Especially if you’re white, you might have been conditioned to “not talk about things like that” or make it an issue. “Be colorblind.” 

But the reality is, people who are a minority for whatever reason– color, ethnicity, gender, sexual preference, etc. are always aware of what makes them different and vulnerable.

 

A few other reasons to ask

  • The stress may be manifesting in physical symptoms like increased heart rate, headaches, and increased blood pressure, so it could be important for their physical health.
  • It may be affecting their relationships and their social functioning in profound and harmful ways.
  • You may need to decide with your client if you are the most ideal therapist for their healing process. Studies have shown that having a therapist who shares a similar background is important to many clients. They feel understood coming in. If your client feels it makes a difference, refer them to a therapist of color. 

Consider using an assessment to identify your client’s symptoms and severity. The Trauma Symptoms of Discrimination Scale (Williams, et al, 2018) or the Race-Based Traumatic Symptom Scale (Carter, et al, 2013) are two options of many that can help you identify the trauma and know what direction to take as you develop a treatment plan with your client.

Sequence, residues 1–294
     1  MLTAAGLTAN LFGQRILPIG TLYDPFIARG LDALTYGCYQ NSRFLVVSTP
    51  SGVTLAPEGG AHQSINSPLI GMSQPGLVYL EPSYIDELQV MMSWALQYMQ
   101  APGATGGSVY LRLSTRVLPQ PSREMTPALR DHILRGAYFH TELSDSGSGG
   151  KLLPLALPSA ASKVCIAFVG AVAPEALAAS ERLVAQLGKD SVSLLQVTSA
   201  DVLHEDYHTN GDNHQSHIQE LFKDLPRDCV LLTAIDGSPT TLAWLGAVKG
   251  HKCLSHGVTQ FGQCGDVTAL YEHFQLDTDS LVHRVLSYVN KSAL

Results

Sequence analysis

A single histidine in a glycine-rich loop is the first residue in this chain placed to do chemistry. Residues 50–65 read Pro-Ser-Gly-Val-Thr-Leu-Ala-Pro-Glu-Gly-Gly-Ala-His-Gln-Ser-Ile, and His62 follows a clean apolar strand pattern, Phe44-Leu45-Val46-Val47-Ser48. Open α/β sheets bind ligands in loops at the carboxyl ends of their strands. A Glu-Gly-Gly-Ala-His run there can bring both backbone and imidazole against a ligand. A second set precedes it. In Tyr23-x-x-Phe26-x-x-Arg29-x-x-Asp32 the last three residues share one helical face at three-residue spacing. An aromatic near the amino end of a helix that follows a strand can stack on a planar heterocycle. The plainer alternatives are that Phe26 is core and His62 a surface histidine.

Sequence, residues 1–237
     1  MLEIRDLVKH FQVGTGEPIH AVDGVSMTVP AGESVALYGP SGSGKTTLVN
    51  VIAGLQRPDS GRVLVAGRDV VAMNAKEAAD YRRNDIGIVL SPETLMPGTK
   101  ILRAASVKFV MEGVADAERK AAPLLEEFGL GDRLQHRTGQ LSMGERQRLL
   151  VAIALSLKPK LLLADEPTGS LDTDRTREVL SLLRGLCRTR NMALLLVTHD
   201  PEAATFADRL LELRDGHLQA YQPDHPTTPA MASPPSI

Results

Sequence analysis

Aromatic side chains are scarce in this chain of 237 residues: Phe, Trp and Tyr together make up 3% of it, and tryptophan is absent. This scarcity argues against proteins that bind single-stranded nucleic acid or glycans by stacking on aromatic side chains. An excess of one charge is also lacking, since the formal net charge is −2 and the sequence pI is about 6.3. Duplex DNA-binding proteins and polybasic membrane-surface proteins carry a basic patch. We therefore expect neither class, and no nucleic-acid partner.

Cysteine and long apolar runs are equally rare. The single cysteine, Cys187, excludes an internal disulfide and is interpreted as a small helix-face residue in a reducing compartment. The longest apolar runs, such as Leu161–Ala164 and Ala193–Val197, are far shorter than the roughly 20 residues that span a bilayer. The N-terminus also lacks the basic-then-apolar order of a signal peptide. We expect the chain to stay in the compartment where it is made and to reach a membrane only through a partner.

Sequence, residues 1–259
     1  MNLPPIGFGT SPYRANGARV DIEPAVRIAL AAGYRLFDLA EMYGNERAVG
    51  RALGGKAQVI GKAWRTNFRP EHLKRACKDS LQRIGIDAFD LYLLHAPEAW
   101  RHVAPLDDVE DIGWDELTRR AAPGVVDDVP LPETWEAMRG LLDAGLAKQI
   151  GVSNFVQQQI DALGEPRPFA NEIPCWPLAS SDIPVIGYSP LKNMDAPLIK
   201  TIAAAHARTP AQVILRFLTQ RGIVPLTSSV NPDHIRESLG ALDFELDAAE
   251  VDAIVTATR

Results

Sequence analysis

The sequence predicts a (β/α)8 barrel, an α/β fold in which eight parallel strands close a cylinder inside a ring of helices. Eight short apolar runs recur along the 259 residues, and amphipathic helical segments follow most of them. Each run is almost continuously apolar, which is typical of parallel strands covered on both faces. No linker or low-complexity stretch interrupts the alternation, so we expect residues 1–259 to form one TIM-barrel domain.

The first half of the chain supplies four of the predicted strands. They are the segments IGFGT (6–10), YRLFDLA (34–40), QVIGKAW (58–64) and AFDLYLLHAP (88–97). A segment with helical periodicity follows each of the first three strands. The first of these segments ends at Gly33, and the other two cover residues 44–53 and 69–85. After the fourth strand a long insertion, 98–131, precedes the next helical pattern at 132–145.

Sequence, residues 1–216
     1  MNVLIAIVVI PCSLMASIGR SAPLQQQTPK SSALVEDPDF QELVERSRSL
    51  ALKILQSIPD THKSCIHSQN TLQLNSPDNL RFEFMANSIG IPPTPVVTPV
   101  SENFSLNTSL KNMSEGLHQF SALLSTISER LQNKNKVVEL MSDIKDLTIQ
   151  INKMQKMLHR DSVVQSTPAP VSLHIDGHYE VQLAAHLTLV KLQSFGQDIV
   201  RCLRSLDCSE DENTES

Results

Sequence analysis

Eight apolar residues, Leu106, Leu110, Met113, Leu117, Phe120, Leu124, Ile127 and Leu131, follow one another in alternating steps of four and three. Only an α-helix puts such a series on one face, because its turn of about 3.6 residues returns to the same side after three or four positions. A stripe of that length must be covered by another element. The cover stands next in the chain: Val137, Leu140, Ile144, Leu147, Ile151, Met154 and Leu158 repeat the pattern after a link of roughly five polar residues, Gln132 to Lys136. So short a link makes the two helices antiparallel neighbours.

How to Address Presenting Racial Trauma

Addressing race-based trauma requires a sensitive and supportive approach grounded in cultural humility, trauma-informed care, and evidence-based interventions. 

 

Understanding structural drivers of racism

Structural factors include geographic and economic elements that prevent a person and their family from the right jobs, a good school, a safe neighborhood, and ways to take advantage of opportunities. 

History is pretty blatant. We live in a country with a history of slavery, segregation, and immigration discrimination, just to name a few issues. It’s important to be aware that not only do our experiences shape us, but so do the experiences of our ancestors. That’s part of a trauma-informed perspective.